It might be a fair guess to say that there are more covers on this album than on the other four S&G albums combined. But of the 12 songs on the album, 7 are covers... more than half the tracks. They break down into two categories... plus one that does not fit either.
The first category is folk versions of Christian, even Gospel-style, songs: "You Can Tell the World," "Go Tell it on the Mountain," and "Benedictus." It may seem strange to hear two "nice Jewish boys" singing such things, but when they were in England, post-college-- just as they were transitioning from being "Tom and Jerry" to "Simon and Garfunkel"-- one of their first breaks was providing music for a Christian radio show. The incongruity of Jews singing Christian music still raises eyebrows today; even in 2009, both Neil Diamond and Bob Dylan were offering new Christmas-song albums, and there were articles aplenty wondering at the sight.
That said, the two gospel numbers are sung boisterously and heartily, full of good cheer and "good news." Both are evangelical in nature, with the word "tell" right there in their titles-- one says to "Tell the world," and the other, "tell it... everywhere." Clearly, Simon is fine working with Christian imagery, and continues to be, as noted in the essay on "Bleecker Street." There are also such references in his more recent work, such as "the cross is in the ballpark," in "The Obvious Child" and "We celebrate the birth of Jesus" in "Old." For Simon, such ideas seem to be simply others he can access, alongside imagery of nature, modern life, etc.
Then there is "Benedictus," an arrangement of a Latin hymn done Gregorian-chant style. It is simply beautiful, and a better illustration of the duo's legendary ability to harmonize can scarcely be found.
Covers of "Last Night I Had the Strangest Dream" (E. McCurdy), "The Sun is Burning" (I. Campbell), and "The Times, They are A-Changin'" (Dylan) show Simon and Garfunkel doing what good folksingers have always done-- perform each others' songs. But these songs are more apocalyptic. The first paints a lovely dream of a UN-type council vowing to "never fight again." The second, however, is the nightmare version-- what will happen if the first, peaceful scenario is not fulfilled, with a nuclear Armageddon: "Now the Sun has come to Earth/ Shrouded in a mushroom cloud of death/ Death comes in a blinding flash/ of Hellish heat, and leaves a smear of ash."
The oft-covered Dylan number rounds out this trilogy with is warning to, as they used to say, get with the program: "you'd better start swimming /or you'll sink like a stone." Perhaps, taken together, these selection imply that there is a choice. Those who vow to "never fight again" will go "...dancing round and round/[with] guns and swords and uniforms/scattered on the ground," while those who make war will "go groping on their knees/ And cry in vain." As the third song explains: "he who gets hurt/ Will be he who has stalled."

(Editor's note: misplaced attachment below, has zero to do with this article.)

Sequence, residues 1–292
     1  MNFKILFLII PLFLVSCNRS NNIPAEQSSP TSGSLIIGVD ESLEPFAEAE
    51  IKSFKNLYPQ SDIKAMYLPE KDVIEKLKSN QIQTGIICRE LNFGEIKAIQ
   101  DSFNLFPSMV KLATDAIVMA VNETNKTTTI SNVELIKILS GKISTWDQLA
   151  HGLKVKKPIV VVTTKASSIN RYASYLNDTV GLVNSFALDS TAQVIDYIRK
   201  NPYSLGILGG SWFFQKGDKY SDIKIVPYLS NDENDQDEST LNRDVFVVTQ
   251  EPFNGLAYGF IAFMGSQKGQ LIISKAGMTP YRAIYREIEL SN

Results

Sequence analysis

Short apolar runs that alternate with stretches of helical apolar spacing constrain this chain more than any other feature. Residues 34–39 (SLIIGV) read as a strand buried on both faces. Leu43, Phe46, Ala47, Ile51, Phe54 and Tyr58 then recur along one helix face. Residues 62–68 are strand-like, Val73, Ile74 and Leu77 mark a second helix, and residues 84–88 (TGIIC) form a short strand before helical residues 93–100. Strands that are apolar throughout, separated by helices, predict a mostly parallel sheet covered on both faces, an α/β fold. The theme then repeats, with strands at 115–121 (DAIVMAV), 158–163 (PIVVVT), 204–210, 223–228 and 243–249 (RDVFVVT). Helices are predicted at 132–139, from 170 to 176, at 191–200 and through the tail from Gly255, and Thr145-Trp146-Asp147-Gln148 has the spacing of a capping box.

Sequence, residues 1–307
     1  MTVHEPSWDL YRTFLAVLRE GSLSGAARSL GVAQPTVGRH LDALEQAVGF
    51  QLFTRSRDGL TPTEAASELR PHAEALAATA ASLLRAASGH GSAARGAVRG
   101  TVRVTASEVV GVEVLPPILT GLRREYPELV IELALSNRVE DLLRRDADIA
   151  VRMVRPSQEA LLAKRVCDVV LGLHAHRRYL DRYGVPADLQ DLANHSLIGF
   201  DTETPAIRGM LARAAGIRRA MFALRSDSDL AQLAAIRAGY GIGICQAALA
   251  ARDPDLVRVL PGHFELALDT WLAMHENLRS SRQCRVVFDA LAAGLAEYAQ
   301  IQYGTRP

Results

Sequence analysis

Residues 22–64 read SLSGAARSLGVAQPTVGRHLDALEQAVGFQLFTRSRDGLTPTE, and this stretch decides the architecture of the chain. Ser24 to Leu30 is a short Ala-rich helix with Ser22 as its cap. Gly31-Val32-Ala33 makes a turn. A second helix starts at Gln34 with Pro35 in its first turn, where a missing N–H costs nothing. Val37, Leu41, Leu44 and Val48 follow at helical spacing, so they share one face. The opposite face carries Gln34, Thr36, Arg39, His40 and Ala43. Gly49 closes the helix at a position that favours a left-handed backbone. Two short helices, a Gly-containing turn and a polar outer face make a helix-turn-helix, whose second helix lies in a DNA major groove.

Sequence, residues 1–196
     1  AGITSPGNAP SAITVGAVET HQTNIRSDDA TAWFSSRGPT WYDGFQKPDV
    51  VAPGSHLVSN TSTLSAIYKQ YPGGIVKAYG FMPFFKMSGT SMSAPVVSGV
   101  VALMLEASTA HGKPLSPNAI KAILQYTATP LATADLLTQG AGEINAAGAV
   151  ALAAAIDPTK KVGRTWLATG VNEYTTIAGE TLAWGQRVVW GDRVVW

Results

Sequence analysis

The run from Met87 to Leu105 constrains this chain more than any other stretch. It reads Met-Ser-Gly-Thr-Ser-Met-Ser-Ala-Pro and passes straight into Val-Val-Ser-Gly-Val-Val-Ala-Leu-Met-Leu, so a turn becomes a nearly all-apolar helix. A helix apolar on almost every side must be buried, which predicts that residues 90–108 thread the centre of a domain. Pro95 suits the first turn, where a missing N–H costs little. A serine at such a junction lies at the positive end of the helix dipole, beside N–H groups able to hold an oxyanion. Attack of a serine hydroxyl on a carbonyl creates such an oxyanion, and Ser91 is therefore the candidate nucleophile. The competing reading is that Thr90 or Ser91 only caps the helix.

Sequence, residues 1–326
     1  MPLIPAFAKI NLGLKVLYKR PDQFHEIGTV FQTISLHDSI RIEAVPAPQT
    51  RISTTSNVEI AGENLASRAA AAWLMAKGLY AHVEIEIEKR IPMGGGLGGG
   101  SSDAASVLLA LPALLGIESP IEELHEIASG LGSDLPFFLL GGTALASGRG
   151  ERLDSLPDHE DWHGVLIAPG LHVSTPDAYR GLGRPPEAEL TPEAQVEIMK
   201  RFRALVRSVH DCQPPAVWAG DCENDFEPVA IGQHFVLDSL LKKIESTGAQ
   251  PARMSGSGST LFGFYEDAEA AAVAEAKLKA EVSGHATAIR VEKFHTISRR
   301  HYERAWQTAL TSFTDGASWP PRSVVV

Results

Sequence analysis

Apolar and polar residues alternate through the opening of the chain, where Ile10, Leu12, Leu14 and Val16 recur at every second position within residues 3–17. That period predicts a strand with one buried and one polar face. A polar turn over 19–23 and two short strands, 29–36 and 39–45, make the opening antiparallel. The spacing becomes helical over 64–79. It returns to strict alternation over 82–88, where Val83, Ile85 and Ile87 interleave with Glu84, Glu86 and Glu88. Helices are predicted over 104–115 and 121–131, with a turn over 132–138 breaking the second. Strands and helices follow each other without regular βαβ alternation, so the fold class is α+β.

Which leaves "Peggy-O," a traditional ballad. It is a story of helplessness and heartbreak. A travelling captain falls in love with a local lady and pledges her his adoration and fortune if she will leave with him: "You're the prettiest little girl I've ever seen/ In a carriage you will ride.../ As fair as any lady in the area."
Her friends, however, are having none of it: "What will you mother say/ when she finds you've gone away/ To places far and strange...?" No mention is made of her mother actually having a problem with this, so the soldier comes to the same conclusion as the listener and blames her friends for her refusal of him, telling Peggy: "If ever I return/ All your cities I will burn/ Destroying all the ladies in the area." This brave man, who can order a regiment of men into gunfire, cannot overcome the peer pressure of Peggy's jealous lady-friends. Throughout the song, Peggy herself is silent, the same as the Sparrow and other of Simon's characters here.
All of Simon's songs on the album are sad in some way or other. They tell stories of bleak streets, "restless dreams," a racist murder, and a fleeing criminal. Even a tired bird with a pretty song is abandoned when in need. What causes the sadness is a lack of connection, driven by fear. Simon tries to be a leader in "Sound of Silence": "Hear my words that I might teach you." But "Sound of Silence" is ultimately about people ignoring each other to worship a "neon god." So while there is a need to connect, people-- disappointed with each other-- reach to the concept of deity, only to again fail in their choice of one. The contemporary folksongs seem to be chosen to show the global implications of these personal decisions.
The overtly religious songs, the only happy ones here, come to provide a solution: "He brought joy, joy, joy into my heart" and "God sent salvation/ That holy Christmas morn." Humans, even the best intentioned ones, will ultimately let one down. Better to place your money on the Sure Bet.
In later albums, Simon will write other happy songs of his own. For now, his happiness is borrowed.
Next Song: Leaves That Are Green